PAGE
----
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26th December 2013

Being that I'm still in transit at FTC Oklahoma City, I can't go to the chow hall or make my own meals in the microwave like I normally do when I'm on a compound. They bring our meals to us in the housing unit in food carts that they plug into the wall to keep the trays warm (I call it The Dookie Mobile). They also have a cart that keeps things cold and we normally get a cold tray that has bread, a pat of butter, and maybe salad or a desert, and then we get a hot tray with the main course of what they're serving. Today's meal consisted of:

* Turkey and gravy
* A thick slice of what appeared to be bologna
* Sweet Potatoes
* Green beans
* Stuffing
* Cranberry sauce (cold tray item)
* A roll and pat of butter (cold tray item)
* A fat slice of apple pie (cold tray item)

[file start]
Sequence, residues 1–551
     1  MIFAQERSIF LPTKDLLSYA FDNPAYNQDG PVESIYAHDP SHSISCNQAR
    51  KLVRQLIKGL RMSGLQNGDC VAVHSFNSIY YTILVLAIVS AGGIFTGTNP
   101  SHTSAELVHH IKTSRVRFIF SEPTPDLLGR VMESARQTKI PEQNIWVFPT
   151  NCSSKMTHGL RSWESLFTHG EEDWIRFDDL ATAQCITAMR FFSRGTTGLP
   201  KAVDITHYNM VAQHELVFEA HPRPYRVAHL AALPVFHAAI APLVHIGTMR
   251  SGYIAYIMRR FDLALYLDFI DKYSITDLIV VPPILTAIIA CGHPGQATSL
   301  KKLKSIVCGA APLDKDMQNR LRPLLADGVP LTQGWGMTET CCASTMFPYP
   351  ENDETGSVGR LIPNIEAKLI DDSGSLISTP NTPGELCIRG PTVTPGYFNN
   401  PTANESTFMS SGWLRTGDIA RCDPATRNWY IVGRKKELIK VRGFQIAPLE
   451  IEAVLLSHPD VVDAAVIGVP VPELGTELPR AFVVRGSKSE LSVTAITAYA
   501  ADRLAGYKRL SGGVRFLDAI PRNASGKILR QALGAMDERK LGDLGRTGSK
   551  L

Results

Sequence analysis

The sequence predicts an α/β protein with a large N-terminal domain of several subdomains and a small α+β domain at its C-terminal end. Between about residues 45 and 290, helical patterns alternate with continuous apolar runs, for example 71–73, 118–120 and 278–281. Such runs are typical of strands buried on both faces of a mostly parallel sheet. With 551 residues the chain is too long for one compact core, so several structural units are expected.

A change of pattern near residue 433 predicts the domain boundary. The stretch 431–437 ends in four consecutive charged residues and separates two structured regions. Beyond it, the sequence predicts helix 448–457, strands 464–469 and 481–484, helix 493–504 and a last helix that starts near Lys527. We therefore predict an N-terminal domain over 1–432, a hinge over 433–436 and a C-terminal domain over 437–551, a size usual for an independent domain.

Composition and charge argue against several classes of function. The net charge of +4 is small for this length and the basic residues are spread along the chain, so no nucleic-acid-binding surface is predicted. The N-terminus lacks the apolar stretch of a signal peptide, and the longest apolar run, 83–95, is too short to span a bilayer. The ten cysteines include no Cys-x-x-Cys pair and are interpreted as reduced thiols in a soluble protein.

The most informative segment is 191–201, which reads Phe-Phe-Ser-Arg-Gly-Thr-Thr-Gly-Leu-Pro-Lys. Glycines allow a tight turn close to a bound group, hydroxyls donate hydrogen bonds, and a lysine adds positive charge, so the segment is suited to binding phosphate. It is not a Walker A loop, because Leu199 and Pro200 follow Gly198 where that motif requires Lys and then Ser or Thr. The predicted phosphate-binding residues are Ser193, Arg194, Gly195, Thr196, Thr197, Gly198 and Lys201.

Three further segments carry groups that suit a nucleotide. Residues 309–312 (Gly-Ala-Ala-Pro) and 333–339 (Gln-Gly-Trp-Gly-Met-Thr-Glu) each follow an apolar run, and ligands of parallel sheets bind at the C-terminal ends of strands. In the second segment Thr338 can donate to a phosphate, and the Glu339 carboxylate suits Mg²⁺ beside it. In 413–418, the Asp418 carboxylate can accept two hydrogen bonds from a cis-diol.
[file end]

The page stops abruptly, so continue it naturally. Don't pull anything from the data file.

Not too shabby, huh? I am one of the few people in this unit that possesses a much coveted Ziploc bag, so I made a turkey sandwich for later with some bread I had saved, and I stuck my apple pie in there to have after I eat the sandwich tonight.

Christmas dinner in prison. The food is definitely not like mom used to make, but I'm not whining about it. I'm just eating the turkey and filling up on the stuffing and going with the flow. I sure would love a beer though. Someday.

Merry Christmas.

Jeffrey P. Frye
Bank Robber's Blog

25th December 2013

10) A new Scanner
9) A 5-gallon bucket of dye remover
8) Kevlar underwear and T-Shirts
7) The name of a good defense attorney
6) A guidebook on favorable prisons
5) The name of a good appellate attorney
4) A fake beard
3) New hoodies
2) Performance enhancing drugs, preferably heroin
1) A Mask

Jeffrey P. Frye
Bank Robber's Blog

13th December 2013